You can generally classify people who provide services for your business as independent contractors or employees. How you classify each service provider depends on a number of factors, and there is not a simple checklist to determine whether a person is an employee or contractor.
Typically, the more control your business has over a worker, the more likely it is that the person is an employee.
The IRS looks at how much independence the person has when it comes to:
- Behavior – Does your company have the right to control what or how the worker does the job?
- Financial – How is the worker paid? What type of expenses are reimbursed? Who provides the tools for the job?
- Relationship – What type of relationship do you have with the worker? Does the worker have any type of benefits?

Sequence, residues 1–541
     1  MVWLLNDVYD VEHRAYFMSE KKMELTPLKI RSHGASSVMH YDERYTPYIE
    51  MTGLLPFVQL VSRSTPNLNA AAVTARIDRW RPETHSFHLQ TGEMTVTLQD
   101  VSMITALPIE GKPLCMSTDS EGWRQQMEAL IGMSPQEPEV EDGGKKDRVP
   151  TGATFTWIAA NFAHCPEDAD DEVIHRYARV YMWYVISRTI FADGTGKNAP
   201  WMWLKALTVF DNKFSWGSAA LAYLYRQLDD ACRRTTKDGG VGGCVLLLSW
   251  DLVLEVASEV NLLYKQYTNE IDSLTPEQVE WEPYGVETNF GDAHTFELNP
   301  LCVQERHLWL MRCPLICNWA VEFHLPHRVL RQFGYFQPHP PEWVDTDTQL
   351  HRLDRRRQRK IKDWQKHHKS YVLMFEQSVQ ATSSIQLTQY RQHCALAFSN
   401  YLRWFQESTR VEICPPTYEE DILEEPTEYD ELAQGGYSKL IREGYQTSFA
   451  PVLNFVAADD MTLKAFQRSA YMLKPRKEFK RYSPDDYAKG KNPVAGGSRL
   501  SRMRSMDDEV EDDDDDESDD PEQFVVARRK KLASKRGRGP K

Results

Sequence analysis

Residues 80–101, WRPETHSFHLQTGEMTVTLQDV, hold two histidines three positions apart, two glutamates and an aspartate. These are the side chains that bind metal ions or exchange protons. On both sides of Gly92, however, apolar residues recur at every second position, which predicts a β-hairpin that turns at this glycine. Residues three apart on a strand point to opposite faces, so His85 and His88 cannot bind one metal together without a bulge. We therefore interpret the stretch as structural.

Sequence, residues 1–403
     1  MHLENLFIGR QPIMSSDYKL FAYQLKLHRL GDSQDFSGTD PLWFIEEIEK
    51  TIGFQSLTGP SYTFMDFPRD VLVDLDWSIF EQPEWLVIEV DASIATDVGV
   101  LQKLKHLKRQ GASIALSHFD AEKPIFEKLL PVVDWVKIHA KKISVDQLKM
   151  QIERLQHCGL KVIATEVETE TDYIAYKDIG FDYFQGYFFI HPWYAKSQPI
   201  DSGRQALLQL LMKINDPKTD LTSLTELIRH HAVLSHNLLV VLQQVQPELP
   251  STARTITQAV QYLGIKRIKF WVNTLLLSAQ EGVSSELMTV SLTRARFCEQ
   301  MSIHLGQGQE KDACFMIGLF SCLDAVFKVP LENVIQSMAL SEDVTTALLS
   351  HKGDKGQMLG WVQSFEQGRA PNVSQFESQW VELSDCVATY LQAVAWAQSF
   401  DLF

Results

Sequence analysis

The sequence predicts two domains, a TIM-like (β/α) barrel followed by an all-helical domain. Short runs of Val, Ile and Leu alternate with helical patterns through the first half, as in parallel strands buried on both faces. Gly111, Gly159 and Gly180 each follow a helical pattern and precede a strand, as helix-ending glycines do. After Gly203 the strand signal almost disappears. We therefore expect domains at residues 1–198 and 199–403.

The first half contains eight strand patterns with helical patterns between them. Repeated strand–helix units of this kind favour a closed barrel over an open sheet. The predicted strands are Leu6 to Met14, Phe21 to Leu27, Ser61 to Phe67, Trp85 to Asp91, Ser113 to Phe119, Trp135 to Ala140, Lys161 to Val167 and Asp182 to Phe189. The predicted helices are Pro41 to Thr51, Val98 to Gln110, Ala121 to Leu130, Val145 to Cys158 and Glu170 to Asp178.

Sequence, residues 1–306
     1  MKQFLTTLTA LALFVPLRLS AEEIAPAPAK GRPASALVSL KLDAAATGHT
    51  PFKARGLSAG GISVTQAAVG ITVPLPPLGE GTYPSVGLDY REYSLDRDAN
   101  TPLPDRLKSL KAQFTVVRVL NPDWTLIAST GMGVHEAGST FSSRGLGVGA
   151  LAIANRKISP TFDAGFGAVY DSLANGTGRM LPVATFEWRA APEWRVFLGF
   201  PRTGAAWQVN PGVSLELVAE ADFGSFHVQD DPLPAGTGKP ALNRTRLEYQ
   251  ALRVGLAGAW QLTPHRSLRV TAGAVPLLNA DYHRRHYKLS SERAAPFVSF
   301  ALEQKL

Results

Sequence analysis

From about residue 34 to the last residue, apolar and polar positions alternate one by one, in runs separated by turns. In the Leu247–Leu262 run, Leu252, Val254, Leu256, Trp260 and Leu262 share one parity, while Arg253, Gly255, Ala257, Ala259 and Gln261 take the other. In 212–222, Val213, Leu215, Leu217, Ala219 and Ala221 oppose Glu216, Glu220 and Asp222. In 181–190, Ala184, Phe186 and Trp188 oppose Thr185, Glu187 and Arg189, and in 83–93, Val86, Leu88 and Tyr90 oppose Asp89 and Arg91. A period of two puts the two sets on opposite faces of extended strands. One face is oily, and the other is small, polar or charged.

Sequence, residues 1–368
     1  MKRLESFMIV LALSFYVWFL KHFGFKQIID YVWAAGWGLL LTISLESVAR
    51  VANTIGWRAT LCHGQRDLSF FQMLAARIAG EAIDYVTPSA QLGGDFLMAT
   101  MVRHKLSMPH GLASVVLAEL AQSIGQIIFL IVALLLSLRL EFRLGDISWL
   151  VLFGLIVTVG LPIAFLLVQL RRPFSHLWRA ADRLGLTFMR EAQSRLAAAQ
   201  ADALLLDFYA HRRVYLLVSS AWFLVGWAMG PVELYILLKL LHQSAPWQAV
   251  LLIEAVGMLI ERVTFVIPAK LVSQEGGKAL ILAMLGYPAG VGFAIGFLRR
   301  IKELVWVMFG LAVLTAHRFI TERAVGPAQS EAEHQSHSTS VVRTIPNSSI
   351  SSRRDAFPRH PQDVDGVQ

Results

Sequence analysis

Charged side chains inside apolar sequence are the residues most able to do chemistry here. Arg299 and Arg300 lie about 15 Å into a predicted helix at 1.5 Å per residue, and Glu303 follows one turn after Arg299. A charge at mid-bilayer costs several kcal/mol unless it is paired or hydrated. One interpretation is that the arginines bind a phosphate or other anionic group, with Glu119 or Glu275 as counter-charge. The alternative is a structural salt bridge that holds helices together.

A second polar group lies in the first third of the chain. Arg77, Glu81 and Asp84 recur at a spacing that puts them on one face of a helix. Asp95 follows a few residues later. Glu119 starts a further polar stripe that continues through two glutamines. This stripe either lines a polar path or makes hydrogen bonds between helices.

Why is classifying workers correctly important?
As an employer, classifying a worker as an independent contractor instead of an employee saves you money on taxes for that person. However, the IRS will hold your business liable for employment taxes if the worker is misclassified. There could be serious consequences for your business when you do not treat workers correctly for tax purposes.
If you have workers who you have classified as independent contractors, make sure that you have classified them correctly. You can request the IRS review the business relationship by filing Form SS-8, which takes about six months for an answer. If you use independent contractors often, you should document carefully each factor for how your business determined the classification.
Have an advocate when you deal with the IRS
If the IRS has challenged your business’s classifications of workers, you may want to discuss your situation with a business attorney before you proceed. Your business can work with the attorney to present the information and documentation to the IRS to find the best possible outcome for your case.